New knowledge in chemistry is produced systematically through research. Chemical research is at the core of all Ph.D. programs in chemistry as well as most research and development (R&D) divisions in high technology companies developing products ranging from pharmaceuticals to consumer electronics. Participation in research not only prepares students for these activities, but is also one of the best ways to learn advanced problem solving skills. For these reasons, research is central to our department's mission and many of our faculty have assembled a team of undergraduate and graduate students to actively engaged in the pursuit of new knowledge.
This page contains some basic information about the research interests of our faculty. Several faculty also have research group pages that give more detailed information. If you are interested in exploring the possibility of participating in some of the exciting research projects in our department, the first step is to contact the faculty member(s) with whom you are considering working and inquire about the availability of opportunities. Most faculty prefer to be contacted by e-mail.
View faculty by subfield:
- Analytical Chemistry
- Chemical Biology
- Chemical Education
- Inorganic Chemistry
- Organic Chemistry
- Physical Chemistry
Assistant Professor, Biochemistry
Protein biochemistry and bacterial genetics to study molecular chaperones as potential antibacterial targets
Synthesis and coordination chemistry of stable free radicals, magnetochemistry, self assembly, and supramolecular chemistry, molecular devices.
The Carroll lab studies the effects of the cellular environment on protein misfolding, aggregation, and amyloid formation. We are also interested in how the cellular protein homeostasis network, especially ubiquitin, responds to different amyloidosis.
Effects of crowding and solvation on protein folding, CD spectroscopy, biocalorimetry, microscale thermophoresis.
Nuclear reaction and decay spectroscopy in isotopes far from stability, superheavy element synthesis, thin film preparations for nuclear targetry, nuclear & radiochemistry.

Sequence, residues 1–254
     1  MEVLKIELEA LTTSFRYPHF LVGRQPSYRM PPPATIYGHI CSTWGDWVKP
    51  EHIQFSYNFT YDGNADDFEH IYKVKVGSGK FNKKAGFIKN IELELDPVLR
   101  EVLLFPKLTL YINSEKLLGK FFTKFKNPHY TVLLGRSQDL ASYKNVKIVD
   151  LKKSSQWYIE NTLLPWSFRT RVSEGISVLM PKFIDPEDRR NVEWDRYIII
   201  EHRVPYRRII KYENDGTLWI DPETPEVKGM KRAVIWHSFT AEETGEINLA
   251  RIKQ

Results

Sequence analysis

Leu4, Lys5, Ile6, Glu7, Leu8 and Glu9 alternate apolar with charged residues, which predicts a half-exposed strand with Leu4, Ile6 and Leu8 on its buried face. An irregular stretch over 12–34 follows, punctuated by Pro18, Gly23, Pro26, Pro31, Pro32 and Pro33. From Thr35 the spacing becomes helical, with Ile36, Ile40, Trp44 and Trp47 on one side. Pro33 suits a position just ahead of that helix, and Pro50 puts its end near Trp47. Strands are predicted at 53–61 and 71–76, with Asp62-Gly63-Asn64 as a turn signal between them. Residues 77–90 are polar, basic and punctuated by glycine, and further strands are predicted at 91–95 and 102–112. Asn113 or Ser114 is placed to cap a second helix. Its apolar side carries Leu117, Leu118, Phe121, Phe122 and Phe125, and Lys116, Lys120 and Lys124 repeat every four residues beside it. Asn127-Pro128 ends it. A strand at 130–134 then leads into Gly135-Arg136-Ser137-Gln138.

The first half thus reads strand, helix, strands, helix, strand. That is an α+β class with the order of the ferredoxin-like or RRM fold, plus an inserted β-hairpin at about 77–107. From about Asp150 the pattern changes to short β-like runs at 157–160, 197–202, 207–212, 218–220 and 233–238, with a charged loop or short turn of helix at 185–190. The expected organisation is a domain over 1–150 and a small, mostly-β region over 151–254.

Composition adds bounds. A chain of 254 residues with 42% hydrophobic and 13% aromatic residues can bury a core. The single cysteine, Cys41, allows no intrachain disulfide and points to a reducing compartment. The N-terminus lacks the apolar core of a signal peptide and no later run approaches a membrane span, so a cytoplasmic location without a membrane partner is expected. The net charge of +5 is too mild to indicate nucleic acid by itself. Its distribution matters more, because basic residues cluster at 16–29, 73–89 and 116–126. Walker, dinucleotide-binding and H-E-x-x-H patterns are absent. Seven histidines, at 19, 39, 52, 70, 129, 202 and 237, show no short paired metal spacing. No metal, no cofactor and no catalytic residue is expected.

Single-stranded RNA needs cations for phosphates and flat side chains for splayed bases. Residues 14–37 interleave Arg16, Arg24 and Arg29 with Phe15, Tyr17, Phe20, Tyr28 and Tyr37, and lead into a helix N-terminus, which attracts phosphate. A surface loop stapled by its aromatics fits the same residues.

Computational methods development using molecular simulations and machine learning to study configurational dynamics in biomolecules, molecular self-assembly, and reaction dynamics.
How animations of microscopic chemistry concepts affect student learning and influence the correction and creation of misconceptions.
Computation and theoretical methods to characterize entropy and related effects in proteins and RNA, design of potential anti-HIV agents.
Quorum sensing, blocking of virulence factors.
Lanthanides, complexes, circularly polarized luminescence, chirality, thermodynamics, and spectroscopy.
Marine natural products, and enzyme applications
Studying catalysis within macromolecular environments by appending transition metal catalysts to organic polymers.
I use the tools of organic and analytical chemistry for questions relating to the field of science known as Astrobiology. Specifically we are interested in understanding the origin of metabolic chemistry on this planet with the ultimate goal of understanding how life started on Earth and if it is common in our solar system and beyond.
Surface, interfacial, and thin film chemistry.
Formation and optical properties of organic coatings on atmospheric aerosols, chemical transformations and photochemistry in aerosols.
Protein conformational dynamics, protein-protein interactions, enzyme specificity.
Application of nanotechnology and nanodiamonds in neurobiology.